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Several years ago, tests were carried out on a polymerization reactor, where batch temperature was controlled by manipulating jacket outlet temperature in cascade with the controllers connected as in Figure 7. The value of could be varied over a range of 4:1 by changing batch size M and area A. It was expected that a different set of tuning constants would be required for each combination, but the same controller settings produced acceptable results over the entire range of thermal time constants. A larger time constant meant slower heating and cooling, and slower integration as well. With this configuration, retuning wasn’t required with changes in recipe or heat-transfer coefficient, both variations common to batch reactions.
Accommodating Velocity Limit
The velocity-limit or rate-limit property of a final element can pose a danger to a control loop, if the integral time of the controller is shorter that the stroking time of that element. However, the danger is hidden while the loop is operating around set point because the actuator takes little time to move only a short distance. When a sufficiently large disturbance strikes, the actuator may fall behind the controller output enough to cause more integral action and further falling behind. This triggers an expanding cycle (Figure 8A) that requires operator intervention to stop.
FIGURE 8 A AND B: STOPPING EXPANDING CYCLES
Velocity limit can trigger an expanding cycle following a large disturbance, while feedback of the measured actuator position prevents the cycle from developing.
Figure 8A is the simulated response of a level-control loop, where the integral time of the controller is set at half of the stroking time of the valve actuator. The first disturbance is a step-load change of 10%, which isn’t large enough to destabilize the loop. Next, a 17% step is large enough to trigger the expanding cycle. This is particularly insidious behavior because the response of the loop to normal variations in load is quite acceptable, which gives false confidence, while masking a potentially fatal instability.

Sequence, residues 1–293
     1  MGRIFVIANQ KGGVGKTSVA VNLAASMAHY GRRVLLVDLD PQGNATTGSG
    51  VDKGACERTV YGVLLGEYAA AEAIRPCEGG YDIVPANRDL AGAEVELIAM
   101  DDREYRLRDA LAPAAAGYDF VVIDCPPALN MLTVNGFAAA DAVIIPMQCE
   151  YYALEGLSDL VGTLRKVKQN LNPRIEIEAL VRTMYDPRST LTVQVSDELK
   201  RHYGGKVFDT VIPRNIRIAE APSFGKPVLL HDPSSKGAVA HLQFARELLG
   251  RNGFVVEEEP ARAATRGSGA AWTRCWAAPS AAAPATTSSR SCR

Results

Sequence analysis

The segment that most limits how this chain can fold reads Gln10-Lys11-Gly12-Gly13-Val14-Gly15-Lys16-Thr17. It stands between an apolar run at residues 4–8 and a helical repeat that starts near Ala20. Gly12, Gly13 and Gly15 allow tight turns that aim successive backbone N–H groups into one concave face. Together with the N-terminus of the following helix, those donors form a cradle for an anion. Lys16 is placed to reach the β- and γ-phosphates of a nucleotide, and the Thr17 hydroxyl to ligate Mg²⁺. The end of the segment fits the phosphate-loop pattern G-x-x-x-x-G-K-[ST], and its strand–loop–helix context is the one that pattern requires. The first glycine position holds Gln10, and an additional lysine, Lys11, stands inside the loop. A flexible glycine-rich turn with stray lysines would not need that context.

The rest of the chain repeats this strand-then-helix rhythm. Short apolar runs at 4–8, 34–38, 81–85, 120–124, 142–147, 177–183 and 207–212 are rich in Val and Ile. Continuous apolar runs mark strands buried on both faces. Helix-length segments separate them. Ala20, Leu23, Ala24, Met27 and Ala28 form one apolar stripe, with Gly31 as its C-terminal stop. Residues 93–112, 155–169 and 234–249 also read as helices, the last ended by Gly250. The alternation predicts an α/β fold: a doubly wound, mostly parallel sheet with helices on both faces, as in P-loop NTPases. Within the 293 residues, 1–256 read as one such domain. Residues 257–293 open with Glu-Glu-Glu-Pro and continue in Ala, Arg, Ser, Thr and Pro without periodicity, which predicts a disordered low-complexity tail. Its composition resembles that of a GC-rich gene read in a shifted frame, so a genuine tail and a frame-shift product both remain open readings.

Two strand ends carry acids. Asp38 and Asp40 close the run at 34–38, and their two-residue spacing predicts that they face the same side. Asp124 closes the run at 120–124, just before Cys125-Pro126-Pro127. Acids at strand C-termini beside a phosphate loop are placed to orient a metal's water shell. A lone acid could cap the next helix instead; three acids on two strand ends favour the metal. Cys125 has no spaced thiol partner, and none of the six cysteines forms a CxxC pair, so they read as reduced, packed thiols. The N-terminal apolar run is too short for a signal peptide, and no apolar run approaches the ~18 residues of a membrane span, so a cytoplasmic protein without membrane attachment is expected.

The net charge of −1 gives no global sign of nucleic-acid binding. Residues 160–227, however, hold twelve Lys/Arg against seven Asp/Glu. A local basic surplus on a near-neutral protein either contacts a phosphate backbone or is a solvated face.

The ideal correction is to speed up the actuator, but this option often isn’t available. The simplest remedy is to increase integral time until the loop is stable following the largest conceivable disturbance. This requires extensive testing, and may not provide complete assurance that the cycle won’t recur. It also degrades the performance of the controller in response to normal low-level disturbances because integrated error varies directly with integral time.
External-reset feedback of the measured position of the final element can eliminate the danger without compromising controller performance. In Figure 8B, the actuator’s actual position is fed back to the integral term of the level controller, with the disturbances repeated. Integral action is now paced to the actuator’s movement, which avoids any risk of an expanding cycle, no matter how large the disturbance or how slow the actuator. This is simply the same principle applied to cascade control in Figure 7. To avoid offset there must be a secondary controller to force the final element to follow the primary output precisely in the steady state.
The need for external reset became clear during a recent startup of a nuclear power plant, where the level in a boiling-water reactor was controlled by manipulating the speed of up to three feedwater pumps. The integral time of the feedwater flow controller was set at 0.18 min, the expected rate limit of the pump-speed governor. When first operating with one pump on line, control was acceptable, until a disturbance triggered an expanding cycle. Review of the records indicated a much slower response of pump speed than expected, requiring an integral time in the flow controller of 1.6 min to stabilize, which was unusually high for a flow loop.
Oddly, the dynamic causing the cycle disappeared when multiple pumps were on-line, so the problem is a variable one. The solution is external-reset feedback of measured pump speed to the flow controller, allowing it to integrate as fast as pump speed can follow. Implementation is complicated by the use of three pumps, with their characterizers. To avoid offset, all calculations performed in the controller output path have to be reversed in the feedback path as described earlier for feed-forward control.
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